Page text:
BBC's Infidelity Soap Opera "Mistresses"

Of the all things "mistresses" has going for it, originality isn't one of them. Wives' husbands and husbands' wives slink away for scandalous trysts. Shocking secrets come to light.

Joshua Alston: Six Ways to Fix the Gramn Dammys

Last night, as the 51st Annual Grammy Awards were airing, I was staring intently at the screen. Not the television, my laptop, so I could keep up to date on the latest breaking news on Chris Brown and Rihanna.

'Trust Me:' Isn't It Bromantic?

In TBS's new dramedy "Trust Me," Eric McCormack, formerly America's favorite gay man on "Will & Grace," plays Mason McGuire, a conscientious professional trying to work on his relationship with his partner, Conner (Tom Cavanagh.) Before you start thinking McCormack has been typecast, I'll have you know that Mason is happily married.

Fox's "24" Has Overstayed Its Welcome

Two years ago, I was so keyed up for the four-hour season premiere of "24" that I couldn't wait until the big night. Instead, I badgered a co-worker until he gave me his advance copy and I stayed up all night watching it.

Katey Sagal Rocks in FX's "Sons of Anarchy"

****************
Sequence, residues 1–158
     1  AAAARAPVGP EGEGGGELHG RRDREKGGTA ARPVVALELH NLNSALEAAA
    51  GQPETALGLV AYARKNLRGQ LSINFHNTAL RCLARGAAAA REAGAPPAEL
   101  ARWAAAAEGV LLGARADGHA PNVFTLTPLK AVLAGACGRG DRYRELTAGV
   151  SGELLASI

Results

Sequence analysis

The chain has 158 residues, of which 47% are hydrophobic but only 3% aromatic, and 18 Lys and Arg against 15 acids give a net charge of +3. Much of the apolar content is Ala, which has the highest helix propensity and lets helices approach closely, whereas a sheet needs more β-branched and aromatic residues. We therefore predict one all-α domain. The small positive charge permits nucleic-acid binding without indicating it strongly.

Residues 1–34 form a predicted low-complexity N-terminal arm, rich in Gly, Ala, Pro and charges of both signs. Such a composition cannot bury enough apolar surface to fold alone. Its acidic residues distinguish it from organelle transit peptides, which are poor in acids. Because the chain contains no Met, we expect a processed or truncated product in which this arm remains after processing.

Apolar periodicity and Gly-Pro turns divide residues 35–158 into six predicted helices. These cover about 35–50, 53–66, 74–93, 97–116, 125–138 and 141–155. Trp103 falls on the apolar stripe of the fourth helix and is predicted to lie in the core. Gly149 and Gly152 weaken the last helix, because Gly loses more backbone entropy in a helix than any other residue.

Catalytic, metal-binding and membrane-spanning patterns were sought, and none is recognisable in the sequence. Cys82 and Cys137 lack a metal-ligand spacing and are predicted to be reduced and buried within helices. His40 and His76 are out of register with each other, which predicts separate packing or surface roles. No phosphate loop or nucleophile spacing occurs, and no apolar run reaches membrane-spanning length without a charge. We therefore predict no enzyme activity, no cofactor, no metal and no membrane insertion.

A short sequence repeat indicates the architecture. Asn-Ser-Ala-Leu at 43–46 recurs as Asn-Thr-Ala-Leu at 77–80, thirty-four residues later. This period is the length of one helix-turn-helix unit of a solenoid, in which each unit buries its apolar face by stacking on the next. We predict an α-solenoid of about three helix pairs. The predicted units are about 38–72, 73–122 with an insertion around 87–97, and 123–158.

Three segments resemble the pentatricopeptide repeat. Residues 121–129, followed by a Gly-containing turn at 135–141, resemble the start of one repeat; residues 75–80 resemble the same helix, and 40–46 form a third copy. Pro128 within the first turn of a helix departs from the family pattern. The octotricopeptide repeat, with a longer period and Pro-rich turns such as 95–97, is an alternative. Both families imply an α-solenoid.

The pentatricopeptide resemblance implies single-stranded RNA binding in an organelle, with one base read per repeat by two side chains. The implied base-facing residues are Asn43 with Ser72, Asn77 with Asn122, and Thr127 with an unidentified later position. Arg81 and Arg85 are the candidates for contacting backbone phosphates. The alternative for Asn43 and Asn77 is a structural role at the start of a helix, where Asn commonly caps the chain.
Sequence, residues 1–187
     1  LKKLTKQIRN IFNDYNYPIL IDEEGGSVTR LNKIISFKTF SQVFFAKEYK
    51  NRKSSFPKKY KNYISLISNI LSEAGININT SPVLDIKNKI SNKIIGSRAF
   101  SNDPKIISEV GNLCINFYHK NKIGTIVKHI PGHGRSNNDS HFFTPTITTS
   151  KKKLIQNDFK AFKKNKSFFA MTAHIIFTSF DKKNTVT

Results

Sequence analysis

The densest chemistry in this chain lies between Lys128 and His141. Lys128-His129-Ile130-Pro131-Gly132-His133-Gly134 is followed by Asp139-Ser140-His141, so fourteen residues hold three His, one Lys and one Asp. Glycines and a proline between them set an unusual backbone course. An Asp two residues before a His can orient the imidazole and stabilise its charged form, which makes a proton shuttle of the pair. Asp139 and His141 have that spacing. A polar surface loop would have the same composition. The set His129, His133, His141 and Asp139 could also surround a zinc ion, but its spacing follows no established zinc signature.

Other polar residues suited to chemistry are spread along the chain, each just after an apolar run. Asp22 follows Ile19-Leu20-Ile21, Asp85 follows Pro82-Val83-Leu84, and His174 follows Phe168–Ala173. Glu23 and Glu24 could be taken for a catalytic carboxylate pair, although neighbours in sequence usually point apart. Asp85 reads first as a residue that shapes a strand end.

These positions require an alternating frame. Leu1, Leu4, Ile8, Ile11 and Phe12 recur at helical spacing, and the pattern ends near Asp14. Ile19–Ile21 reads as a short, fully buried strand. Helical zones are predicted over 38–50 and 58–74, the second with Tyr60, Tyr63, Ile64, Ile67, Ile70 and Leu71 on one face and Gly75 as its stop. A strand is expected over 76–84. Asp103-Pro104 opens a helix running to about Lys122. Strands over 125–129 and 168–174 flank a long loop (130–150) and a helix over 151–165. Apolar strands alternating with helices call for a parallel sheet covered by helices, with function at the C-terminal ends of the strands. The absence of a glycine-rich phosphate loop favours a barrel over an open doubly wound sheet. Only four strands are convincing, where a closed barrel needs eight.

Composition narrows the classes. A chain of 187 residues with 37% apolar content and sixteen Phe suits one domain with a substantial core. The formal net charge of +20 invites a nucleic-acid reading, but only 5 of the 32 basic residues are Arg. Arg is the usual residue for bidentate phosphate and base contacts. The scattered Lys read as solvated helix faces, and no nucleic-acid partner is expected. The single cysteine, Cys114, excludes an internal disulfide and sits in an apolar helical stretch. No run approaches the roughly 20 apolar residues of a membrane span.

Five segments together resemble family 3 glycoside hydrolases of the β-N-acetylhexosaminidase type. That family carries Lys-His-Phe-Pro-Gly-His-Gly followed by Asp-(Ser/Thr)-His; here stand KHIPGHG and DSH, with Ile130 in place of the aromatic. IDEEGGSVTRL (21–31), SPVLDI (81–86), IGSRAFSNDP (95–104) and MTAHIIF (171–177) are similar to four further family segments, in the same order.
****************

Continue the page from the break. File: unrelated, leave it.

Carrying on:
The old conventional wisdom held that there were no substantive, red-meat roles for actresses of a certain age. Try telling that to Katey Sagal, 54, one of the many tough, gorgeous and, yes, older women holding the television airwaves in their manicured grips.In FX's "Sons of Anarchy," Sagal plays Gemma Morrow, the treacherous matriarch of a California biker gang.

'True Blood' and the Lost Art of Opening Credits

Even as American TV has evolved, one of its most charming aspects—the title sequence—has become scarce. To save precious seconds, many shows have jettisoned opening credits in favor of a brief flash of a logo, à la "Lost." It's a shame.

A Place On 'The Black List'

After The Washington Post ran a series of surveys and stories called "Being a Black Man" in 2006, comedian Bill Cosby lambasted the project for being too rosy. "I'm not interested in hearing that things aren't as bad as they seem," Cosby told an audience.

TV: Why I'm Sick of 'Dirty Jobs'

From "Dirty Jobs" to "Deadliest Catch," "Ax Men" to "Ice Road Truckers," the airwaves are overrun by TV shows about people—er, men—with dangerous, physical, soot-collar jobs.

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